Flying height

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The flying height or floating height or head gap is the distance between the disk read/write head on a hard disk drive and the platter. The first commercial hard-disk drive, the IBM 305 RAMAC, used forced air to maintain a 0.002 inch (51 μm) spacing between the head and disk. The IBM 1301, introduced in 1961, was the first disk drive in which the head was attached to a "hydrodynamic air bearing slider," which generates its own cushion of pressurized air, allowing the slider and head to fly much closer, 0.00025 inches (6.35 μm) above the disk surface.[1]

In 2011, the flying height in modern drives was a few nanometers.[2] Thus, the head can collide with even an obstruction as thin as a fingerprint or a particle of smoke. Despite the dangers of hard drive failure from such foreign objects, hard drives generally allow for ventilation (albeit through a filter) so that the air pressure within the drive can equalize with the air pressure outside.[3] Because disk drives depend on the head floating on a cushion of air, they are not designed to operate in a vacuum. Regulation of flying height will become even more important in future high-capacity drives.[4]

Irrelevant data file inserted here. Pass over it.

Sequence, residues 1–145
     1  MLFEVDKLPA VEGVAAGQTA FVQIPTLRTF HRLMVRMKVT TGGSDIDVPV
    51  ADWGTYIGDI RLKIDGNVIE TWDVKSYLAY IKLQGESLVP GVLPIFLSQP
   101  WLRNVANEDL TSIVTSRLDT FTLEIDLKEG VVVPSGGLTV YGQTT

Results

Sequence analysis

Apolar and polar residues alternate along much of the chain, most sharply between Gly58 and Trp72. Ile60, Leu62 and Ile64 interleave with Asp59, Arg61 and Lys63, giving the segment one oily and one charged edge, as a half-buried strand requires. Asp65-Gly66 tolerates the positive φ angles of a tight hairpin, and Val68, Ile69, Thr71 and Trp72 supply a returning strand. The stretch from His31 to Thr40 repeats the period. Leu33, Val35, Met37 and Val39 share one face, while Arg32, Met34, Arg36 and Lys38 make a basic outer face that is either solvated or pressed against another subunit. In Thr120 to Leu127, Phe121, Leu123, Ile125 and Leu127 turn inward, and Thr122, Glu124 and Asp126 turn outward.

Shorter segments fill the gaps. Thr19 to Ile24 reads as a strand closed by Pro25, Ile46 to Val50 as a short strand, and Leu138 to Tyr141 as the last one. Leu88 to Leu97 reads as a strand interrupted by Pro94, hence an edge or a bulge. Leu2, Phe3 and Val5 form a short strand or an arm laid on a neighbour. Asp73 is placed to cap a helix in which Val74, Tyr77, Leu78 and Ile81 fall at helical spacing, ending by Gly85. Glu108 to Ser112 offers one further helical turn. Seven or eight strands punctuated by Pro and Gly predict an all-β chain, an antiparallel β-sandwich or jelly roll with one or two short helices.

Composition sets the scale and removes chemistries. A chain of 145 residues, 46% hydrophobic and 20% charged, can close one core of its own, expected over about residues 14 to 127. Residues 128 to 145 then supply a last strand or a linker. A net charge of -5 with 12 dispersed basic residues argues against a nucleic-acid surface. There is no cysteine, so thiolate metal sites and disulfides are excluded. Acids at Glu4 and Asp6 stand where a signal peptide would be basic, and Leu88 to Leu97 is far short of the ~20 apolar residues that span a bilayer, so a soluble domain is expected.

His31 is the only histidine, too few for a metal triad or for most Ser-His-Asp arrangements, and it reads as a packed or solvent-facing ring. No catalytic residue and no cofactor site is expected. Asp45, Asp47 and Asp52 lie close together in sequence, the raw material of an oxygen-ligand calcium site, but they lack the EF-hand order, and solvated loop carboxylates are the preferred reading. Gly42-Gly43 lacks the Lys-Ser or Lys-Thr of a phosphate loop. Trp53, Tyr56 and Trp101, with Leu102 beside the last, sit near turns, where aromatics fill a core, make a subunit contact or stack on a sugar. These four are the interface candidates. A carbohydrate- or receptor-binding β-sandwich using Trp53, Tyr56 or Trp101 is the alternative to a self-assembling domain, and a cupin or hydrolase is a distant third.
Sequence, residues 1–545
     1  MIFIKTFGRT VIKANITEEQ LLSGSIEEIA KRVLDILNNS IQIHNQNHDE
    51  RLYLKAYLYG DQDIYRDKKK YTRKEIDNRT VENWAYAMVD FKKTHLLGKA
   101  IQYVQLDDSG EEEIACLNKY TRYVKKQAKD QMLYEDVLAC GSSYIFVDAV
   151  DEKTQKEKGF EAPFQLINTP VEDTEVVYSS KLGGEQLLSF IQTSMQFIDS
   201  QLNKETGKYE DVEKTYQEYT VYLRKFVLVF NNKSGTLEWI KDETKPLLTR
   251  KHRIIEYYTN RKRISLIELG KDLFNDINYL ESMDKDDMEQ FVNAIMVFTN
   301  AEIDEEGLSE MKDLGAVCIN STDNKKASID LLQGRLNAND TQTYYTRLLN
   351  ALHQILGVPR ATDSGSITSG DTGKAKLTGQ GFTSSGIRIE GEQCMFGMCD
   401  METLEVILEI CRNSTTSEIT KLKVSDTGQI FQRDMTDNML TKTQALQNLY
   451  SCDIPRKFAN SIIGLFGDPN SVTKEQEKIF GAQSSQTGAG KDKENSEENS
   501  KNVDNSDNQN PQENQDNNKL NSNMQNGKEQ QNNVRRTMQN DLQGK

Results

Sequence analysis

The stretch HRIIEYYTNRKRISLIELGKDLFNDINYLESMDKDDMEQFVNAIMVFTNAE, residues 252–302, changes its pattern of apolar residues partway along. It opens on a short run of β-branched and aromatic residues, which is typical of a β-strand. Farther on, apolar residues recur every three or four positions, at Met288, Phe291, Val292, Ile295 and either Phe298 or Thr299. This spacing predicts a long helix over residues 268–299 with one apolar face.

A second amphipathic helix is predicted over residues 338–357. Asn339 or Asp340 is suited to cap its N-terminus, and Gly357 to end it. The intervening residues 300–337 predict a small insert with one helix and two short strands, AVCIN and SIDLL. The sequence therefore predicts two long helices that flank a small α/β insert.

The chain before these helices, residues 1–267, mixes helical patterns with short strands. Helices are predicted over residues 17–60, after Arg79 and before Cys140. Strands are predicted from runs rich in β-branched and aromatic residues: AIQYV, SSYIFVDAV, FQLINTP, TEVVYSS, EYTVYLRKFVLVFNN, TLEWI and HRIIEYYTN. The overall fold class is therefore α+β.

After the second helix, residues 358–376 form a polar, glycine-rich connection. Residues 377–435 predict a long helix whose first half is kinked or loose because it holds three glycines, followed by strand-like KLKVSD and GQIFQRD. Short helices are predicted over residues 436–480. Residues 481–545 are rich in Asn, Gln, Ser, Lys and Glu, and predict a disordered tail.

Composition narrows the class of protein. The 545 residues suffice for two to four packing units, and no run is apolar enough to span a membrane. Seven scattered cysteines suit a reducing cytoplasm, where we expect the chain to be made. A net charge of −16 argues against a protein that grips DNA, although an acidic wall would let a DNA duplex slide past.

However, hermetically sealed enclosures are beginning to be adopted for hard drives filled with helium gas, with the first products launched in December 2015,[5] starting with capacities of 10 TB.[5][6]

See also[edit]


  1. ^ "Timeline of IBM San Jose Research Laboratory" (PDF).
  2. ^ Boettcher, Uwe; Li, Hui; de Callafon, Raymond A.; Talke, Frank E. (July 2011). "Dynamic Flying Height Adjustment in Hard Disk Drives Through Feedforward Control" (PDF). IEEE Transactions on Magnetics. 47 (7): 1823–1829.
  3. ^ Charles M. Kozierok. "Hard Disk Read/Write Head Operation". The PC Guide.
  4. ^ Xu, Junguo; Shimizu, Yuki; Su, Lizhi (27 November 2006). "Drive level measurement of flying height modulation and control of slider disk contact". Tribology Letters. 24 (2): 159–162. doi:10.1007/s11249-006-9153-1.
  5. ^ a b Mearian, =Lucas (2 December 2015). "WD ships world's first 10TB helium-filled hard drive". Computerworld.
  6. ^ Gabe Carey (14 January 2016). "Seagate is finally joining HGST in its helium-filled hard drive efforts". Digital Trends.